Those of us who dutifully read the calorie labels on every food item we buy may be getting fooled, as recent studies indicate that the calorie counts on labels might be inaccurate.
According to Live Science, the current system for counting calories in food dates back more than 100 years and doesn’t account for the way processing food affects the number of calories that make it into the body. Some scientists are even calling for an overhaul to the calorie counting system so people will get a more accurate picture of the calories they get from the food they eat.
The amount of pounding, mashing, and slicing that goes into the preparation of food affects the number of calories that a person will get from eating it. There are also bacteria that live in people’s digestive systems that steal some of the calories for themselves.
A study last year showed that while almonds had traditionally been credited with about 170 calories per serving, a person who eats them only gets about 130 calories. The difference turned out to be due to the fact that the body doesn’t get all the fat out of the nuts; some of it passes right through.
High fiber foods are more difficult to digest, which means the body gets fewer calories from them. Processing food makes it simpler to digest, so there are generally more calories obtained from a processed food than from the unprocessed version. For example, a mashed potato might give 300 calories, but eating an unprocessed potato of the same size will give only about 200 calories, according to Rachel Carmody, a postdoctoral fellow at Harvard University’s FAS Center for Systems Biology.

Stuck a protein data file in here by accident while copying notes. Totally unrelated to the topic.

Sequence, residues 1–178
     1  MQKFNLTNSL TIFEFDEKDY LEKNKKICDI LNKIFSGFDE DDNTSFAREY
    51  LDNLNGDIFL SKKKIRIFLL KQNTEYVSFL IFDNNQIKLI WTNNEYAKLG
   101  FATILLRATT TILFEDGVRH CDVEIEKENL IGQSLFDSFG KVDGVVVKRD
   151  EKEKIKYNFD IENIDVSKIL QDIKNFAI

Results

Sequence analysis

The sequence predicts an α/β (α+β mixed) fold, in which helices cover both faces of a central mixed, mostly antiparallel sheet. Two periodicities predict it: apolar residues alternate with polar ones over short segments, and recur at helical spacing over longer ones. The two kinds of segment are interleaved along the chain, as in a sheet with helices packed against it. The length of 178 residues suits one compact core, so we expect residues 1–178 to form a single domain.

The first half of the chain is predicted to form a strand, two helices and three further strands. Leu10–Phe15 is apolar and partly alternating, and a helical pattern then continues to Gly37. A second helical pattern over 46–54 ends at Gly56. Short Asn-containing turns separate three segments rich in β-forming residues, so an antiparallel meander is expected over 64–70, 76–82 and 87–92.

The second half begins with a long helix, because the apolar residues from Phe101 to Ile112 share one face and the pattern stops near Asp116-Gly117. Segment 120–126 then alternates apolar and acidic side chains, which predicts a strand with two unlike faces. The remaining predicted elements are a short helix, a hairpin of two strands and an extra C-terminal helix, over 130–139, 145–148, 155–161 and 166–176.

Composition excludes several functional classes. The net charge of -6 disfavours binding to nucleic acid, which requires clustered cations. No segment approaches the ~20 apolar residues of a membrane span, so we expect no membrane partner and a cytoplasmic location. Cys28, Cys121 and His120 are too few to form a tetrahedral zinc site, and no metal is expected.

Some researchers say that while the calorie estimates on labels are inaccurate, the numbers are close enough that the differences wouldn’t make a huge difference to consumers. And since the calorie estimates are usually higher than what the body would be getting, inaccurate labels wouldn’t hurt anyone’s weight-loss efforts.
But others say that as long as we’re putting calorie counts on labels, they should probably be accurate. "By getting a better understating of the effective calories in food, we'll get a better sense of human energy requirement," Carmody said. "We can start to think of simple ways to improve [the system] that will be better for the average consumer."